North Wales Police have apologised to a journalist for wrongly accusing her of making offensive remarks on television.
Allison Pearson was not on Question Time on the night in question
Daily Mail columnist Allison Pearson received a letter from the force about a complaint that she referred to "little Welshies" during an appearance on BBC One's Question Time.
But Ms Pearson, who is Welsh, did not appear on that particular programme.
North Wales Police said it acted on information provided by the public and the BBC, and was sorry for the mistake.
Ms Pearson wrote about the letter in Wednesday's Daily Mail, after a chief inspector she identified as R Brough from Caernarfon wrote to say they had received a complaint about her reference to "little Welshies" during BBC1's Question Time on 23 February.
The letter continued: "North Wales Police do not believe that your remarks were in contravention of the criminal law, but nevertheless, would like to make you aware of how they were perceived by a member of the public in north Wales."
Ms Pearson wrote: "a) I did not appear on Question Time on 23 February.
"b) I am Welsh and proud to be so. How likely is it that I would be guilty of inciting racial hatred against myself?
"c) Do you take this much care checking the facts in all your cases?
Richard Brunstrom's force has been criticised for similar investigations
"d) What is the going rate of compensation for mistaken identity?"
A police spokeswoman said they received a complaint from a member of the public regarding comments made by a female journalist on Question Time.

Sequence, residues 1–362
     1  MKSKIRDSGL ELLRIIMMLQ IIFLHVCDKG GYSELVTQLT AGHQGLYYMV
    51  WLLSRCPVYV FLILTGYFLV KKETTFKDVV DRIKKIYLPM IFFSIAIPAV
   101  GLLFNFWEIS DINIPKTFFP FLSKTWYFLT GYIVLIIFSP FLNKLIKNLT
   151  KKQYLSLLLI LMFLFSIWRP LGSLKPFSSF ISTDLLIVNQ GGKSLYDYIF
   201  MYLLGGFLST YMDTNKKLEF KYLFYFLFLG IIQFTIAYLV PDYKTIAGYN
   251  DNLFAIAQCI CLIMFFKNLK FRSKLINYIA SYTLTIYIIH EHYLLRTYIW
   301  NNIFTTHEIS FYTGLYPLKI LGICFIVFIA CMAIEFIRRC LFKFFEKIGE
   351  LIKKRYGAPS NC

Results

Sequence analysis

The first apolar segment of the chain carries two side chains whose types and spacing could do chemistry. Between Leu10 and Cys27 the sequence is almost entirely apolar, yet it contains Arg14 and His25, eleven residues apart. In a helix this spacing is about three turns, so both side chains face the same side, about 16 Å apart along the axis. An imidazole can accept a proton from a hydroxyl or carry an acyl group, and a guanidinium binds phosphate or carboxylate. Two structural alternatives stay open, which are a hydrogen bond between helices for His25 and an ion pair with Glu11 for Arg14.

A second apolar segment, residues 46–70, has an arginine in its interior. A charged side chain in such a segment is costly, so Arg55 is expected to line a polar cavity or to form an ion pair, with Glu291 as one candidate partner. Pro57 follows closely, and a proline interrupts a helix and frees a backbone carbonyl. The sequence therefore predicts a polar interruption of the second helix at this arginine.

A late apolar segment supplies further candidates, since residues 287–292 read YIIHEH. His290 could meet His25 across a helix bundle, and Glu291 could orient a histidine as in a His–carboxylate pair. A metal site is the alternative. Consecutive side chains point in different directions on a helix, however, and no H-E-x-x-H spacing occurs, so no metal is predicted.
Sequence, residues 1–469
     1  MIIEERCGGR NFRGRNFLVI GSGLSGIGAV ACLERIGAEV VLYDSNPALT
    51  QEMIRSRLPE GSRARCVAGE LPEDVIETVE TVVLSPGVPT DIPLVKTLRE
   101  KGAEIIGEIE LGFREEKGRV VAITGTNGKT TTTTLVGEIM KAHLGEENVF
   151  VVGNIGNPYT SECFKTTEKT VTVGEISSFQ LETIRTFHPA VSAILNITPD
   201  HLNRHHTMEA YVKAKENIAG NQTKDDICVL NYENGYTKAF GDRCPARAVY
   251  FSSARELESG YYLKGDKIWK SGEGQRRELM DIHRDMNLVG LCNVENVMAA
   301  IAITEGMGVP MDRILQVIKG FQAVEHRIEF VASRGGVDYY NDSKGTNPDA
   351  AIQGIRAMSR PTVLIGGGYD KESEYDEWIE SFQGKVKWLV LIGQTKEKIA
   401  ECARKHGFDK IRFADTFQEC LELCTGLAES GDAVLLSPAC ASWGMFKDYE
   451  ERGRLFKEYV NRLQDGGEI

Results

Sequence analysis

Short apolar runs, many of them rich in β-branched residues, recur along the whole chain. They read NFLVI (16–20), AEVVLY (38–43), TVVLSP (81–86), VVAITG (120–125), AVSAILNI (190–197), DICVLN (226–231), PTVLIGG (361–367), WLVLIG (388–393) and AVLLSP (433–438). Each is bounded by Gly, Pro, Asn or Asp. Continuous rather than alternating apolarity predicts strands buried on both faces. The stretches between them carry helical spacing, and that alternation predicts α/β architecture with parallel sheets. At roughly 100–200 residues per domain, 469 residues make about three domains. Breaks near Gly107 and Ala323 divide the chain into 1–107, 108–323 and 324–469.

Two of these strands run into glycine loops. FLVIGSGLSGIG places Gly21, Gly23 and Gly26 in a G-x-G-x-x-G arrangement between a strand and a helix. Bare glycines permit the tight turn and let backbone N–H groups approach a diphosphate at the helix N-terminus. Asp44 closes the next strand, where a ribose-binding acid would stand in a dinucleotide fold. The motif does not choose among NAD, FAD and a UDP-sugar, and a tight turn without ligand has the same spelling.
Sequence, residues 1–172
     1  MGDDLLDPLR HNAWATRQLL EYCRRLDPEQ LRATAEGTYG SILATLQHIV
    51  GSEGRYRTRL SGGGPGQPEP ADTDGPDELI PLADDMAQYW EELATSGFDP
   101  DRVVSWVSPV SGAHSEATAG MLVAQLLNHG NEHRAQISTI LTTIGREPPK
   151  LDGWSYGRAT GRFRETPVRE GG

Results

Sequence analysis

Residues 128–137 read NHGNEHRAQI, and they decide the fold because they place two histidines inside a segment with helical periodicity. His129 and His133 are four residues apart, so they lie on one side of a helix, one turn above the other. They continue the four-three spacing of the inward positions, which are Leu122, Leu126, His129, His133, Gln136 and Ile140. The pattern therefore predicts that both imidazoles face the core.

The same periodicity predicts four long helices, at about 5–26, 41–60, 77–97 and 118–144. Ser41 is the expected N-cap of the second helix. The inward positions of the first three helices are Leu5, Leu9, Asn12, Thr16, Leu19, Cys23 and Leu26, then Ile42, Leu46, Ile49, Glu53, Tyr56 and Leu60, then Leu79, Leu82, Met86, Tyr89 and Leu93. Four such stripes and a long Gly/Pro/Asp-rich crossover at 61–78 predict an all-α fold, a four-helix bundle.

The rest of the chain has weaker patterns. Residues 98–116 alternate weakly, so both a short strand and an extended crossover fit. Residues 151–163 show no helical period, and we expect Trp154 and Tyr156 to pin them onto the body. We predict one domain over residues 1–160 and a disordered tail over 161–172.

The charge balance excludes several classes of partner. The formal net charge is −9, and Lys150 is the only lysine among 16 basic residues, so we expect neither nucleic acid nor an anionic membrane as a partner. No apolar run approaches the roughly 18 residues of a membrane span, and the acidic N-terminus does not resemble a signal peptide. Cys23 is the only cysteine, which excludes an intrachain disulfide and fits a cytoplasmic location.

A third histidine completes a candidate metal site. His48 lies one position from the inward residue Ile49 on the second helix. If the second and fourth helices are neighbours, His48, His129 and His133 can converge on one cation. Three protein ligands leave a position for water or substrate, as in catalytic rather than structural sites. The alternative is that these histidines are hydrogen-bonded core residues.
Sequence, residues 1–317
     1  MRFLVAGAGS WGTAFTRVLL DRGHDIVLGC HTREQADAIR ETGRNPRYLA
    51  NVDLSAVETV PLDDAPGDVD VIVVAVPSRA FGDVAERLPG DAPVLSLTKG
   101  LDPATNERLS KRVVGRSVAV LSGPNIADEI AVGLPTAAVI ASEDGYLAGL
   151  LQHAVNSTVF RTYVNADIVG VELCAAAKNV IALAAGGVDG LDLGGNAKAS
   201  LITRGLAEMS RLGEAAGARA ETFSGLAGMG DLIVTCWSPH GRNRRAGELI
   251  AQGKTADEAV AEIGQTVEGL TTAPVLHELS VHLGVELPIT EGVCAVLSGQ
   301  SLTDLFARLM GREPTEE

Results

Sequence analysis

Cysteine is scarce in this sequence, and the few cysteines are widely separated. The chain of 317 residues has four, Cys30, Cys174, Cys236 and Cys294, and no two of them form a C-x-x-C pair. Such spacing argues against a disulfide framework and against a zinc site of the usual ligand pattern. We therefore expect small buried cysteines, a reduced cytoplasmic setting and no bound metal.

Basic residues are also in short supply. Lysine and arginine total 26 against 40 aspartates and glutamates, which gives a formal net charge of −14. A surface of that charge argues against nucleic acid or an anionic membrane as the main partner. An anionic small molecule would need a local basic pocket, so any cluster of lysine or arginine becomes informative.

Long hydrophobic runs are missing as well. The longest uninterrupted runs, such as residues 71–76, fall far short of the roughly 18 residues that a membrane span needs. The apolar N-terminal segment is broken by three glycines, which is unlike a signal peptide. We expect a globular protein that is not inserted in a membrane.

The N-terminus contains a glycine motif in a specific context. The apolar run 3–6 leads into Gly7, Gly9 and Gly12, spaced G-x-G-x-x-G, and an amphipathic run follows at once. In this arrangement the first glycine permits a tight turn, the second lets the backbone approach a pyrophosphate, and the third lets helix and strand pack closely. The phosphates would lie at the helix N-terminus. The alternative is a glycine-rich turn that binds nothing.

The complainant contacted the BBC and claimed to have been told the journalist concerned was Ms Pearson.
'In good faith'
The spokeswoman added: "We now understand that Miss Pearson did not appear on the programme and apologise to her for the mistake.
"An officer made several attempts to contact Miss Pearson yesterday and an apology was left on her answering machine together with a contact number, but she did not return our calls.
"North Wales Police acted in good faith based on the information provided by the complainant and the BBC."
Police have been criticised for pursuing similar cases in the past.
Anne Robinson's comments were investigated in 2001
Last year, the force launched an investigation into alleged anti-Welsh swearing by Prime Minister Tony Blair, following claims by a former Downing Street spin doctor.
Lance Price claimed in his memoirs that Mr Blair repeatedly swore about the Welsh when Labour won only 28 seats in the 1999 Welsh assembly election.
Mr Price, who was interviewed for two hours in London by a North Wales Police chief inspector, said: "I thought it was an extraordinary waste of public money."
In 2001, four senior officers spent 96 hours investigating comments made by TV presenter Anne Robinson on her show The Weakest Link.
The force claimed they received complaints after the Liverpool-born presenter referred to the Welsh as "irritating and annoying".
The investigation - which cost £3,800 and resulted in no charges - was described as "political correctness gone mad" by former Conservative AM Peter Rogers.